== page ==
Stopping the Underrecognition of Women

As we close out Women’s History Month, we discuss the relationship between sexism and women not receiving appropriate recognition for their work. Recognition comes in many forms and affects many aspects of women’s lives, from women not being properly credentialed by others to gaps in pay.

Reflect: Why Does (Under-)Recognition, in all its forms, Matter?

When we think of recognition, it’s important to remember that recognition goes beyond credit for a project or idea (though that is an important piece). Recognition is a form of evidence that your presence, contributions, and future potential are respected and desired within your field. It comes through formal mechanisms like performance reviews and pay as well as more informal means like our everyday conversation with and about women. Under-recognition/devaluation of women is a symptom of societal sexist attitudes about women’s capabilities, particularly as an institutionalized form of benevolent sexism. It’s also important to recognize that this is a similar narrative/experience in other systems of oppression and is made more complex when these systems intersect, such that highly accomplished Black women like Judge Ketanji Brown Jackson are targets for racist, sexist attacks to their expertise (Mystal, 2022). Think of a time you went unrecognized and/or undervalued for your work and expertise. What kind of effect did that underrecognition have on your mental state? How might that effect change if it occurred over a lifetime?

Learn: Just How Widespread is the Devaluation of Women in Higher Education?

The most immediately recognizable ways that women are devalued often happen at the everyday, interpersonal level. Women PhD holders are less likely to be referred to as “Dr.” than men, both from students and colleagues (Files et al., 2017; Suarez & Hannigan, 2021), diminishing the work that they have accomplished and their expertise. Women are also interrupted more than men in everyday, classroom, and professional conversations (Hancock & Rubin, 2014; Jacobi & Schweers, 2017). When women do speak up, even on the higher leadership levels, they are perceived as harsh and less competent (Brescoll, 2012). Service work in higher education, an area where women are disproportionately overrepresented (Guarino & Borden, 2017), is undervalued when compared to research and teaching despite supporting overall functions of the university. The proliferation of “manels” in academia (Else, 2019), panels with only male speakers on a topic when there are more than enough women who are also experts, also show an undervaluing of women. Just like the under-citation of women (Budrikis, 2020), the low rates at which women are invited to speak can have lasting consequences on career outcomes such as tenure and promotion (Weisshar, 2017), especially in STEM where women are already underrepresented (Murphy et al., 2021). These career-level effects reflect larger systemic issues that arise from the devaluation of women and their work. A systemic example is the persistent gender pay gap, in which women receive 20% less for the same jobs and women of color receive roughly 40% less (AAUW, 2021). Pay and promotion gaps are even worse in academia (Mullen, 2021), with fields that have an underrepresentation of women frequently earning more than those with equitable representation of women (Jaschik, 2016).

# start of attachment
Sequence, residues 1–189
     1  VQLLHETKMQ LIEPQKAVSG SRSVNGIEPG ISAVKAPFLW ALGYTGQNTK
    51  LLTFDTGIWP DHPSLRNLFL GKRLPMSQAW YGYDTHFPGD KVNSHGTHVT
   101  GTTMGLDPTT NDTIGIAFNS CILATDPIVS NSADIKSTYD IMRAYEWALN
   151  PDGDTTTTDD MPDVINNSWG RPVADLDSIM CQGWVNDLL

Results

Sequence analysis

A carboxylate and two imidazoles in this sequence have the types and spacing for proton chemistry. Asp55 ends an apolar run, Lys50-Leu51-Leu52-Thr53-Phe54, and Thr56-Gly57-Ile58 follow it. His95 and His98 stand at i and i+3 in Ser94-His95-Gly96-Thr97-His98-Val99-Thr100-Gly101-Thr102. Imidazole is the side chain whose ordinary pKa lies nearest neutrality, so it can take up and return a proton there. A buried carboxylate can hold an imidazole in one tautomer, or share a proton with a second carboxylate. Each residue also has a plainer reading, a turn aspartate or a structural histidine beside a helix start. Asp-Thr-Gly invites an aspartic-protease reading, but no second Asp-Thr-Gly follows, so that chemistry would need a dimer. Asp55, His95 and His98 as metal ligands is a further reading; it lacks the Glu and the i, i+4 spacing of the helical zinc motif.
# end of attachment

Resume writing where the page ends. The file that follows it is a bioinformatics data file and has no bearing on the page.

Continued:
• Challenge the interruption and devaluation of women: It takes time to recognize the little (and big) ways that women are devalued. Correct people who do not use the correct honorific for a woman (e.g., “Dr.”) and be mindful of how you introduce women in professional and informal settings, ensuring that you give them the same level of formality. Make a concerted effort to engage meaningfully and enthusiastically when women speak in meetings, such as by showing non-verbal signs of approval like nodding. Create equitable guidelines for allowing everyone to contribute in meetings; hold people accountable when they interrupt women or take women’s ideas and pass them off as their own. Start conversations about how you compensate women in your department or office, as well as the ways you compensate women who provide work to your office (e.g., invited speakers).
  • Deconstruct the language you use to recognize women: Though the undervaluation of women is important to address, sometimes we can accidentally contribute to marginalizing gender roles by how we decide to praise and recognize women. For example, in texts drafted to support the work of women such as performance reviews or letters of recommendation, reviewers (of all genders) were more likely to use bland, lukewarm praise as well as feelings-/caretaking-related language (Dutt et al., 2016; Huston, 2021; NCWIT, 2010). This kind of language is used all over to describe women, including when they are introduced in settings related to their professional success. Take time to inventory how you and those around you speak about women (tools like this calculator can help you catch when you use stereotypically “feminine” terminology). Do you focus on more emotionally-oriented traits? Do you give the same intensity of praise to women?
  • Use your privilege and space to (p)raise the work of women: One of the most common ways to support the recognition of women is by increasing the number of citations and references you make to the work of women. This not only exposes you, your colleagues, and your students to women in your field, it also supports the professional success of women in your field. Going a step further, advocate for your office, conference, and field to work on setting up mechanisms to promote parity in speaking engagements, particularly if you’ve found yourself invited to a “manel.” Networks like WomenAlsoKnowStuff host a long list of women experts to consider.